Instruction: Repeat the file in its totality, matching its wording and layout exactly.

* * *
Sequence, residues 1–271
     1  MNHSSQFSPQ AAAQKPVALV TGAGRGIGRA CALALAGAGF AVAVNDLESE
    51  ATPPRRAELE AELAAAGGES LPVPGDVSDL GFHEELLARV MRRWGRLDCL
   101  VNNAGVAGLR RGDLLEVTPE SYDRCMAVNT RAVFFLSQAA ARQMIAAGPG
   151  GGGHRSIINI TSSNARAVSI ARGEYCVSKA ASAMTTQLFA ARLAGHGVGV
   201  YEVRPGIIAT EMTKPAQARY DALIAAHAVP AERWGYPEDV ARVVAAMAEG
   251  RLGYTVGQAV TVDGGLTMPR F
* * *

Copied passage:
Sequence, residues 1–271
     1  MNHSSQFSPQ AAAQKPVALV TGAGRGIGRA CALALAGAGF AVAVNDLESE
    51  ATPPRRAELE AELAAAGGES LPVPGDVSDL GFHEELLARV MRRWGRLDCL
   101  VNNAGVAGLR RGDLLEVTPE SYDRCMAVNT RAVFFLSQAA ARQMIAAGPG
   151  GGGHRSIINI TSSNARAVSI ARGEYCVSKA ASAMTTQLFA ARLAGHGVGV
   201  YEVRPGIIAT EMTKPAQARY DALIAAHAVP AERWGYPEDV ARVVAAMAEG
   251  RLGYTVGQAV TVDGGLTMPR F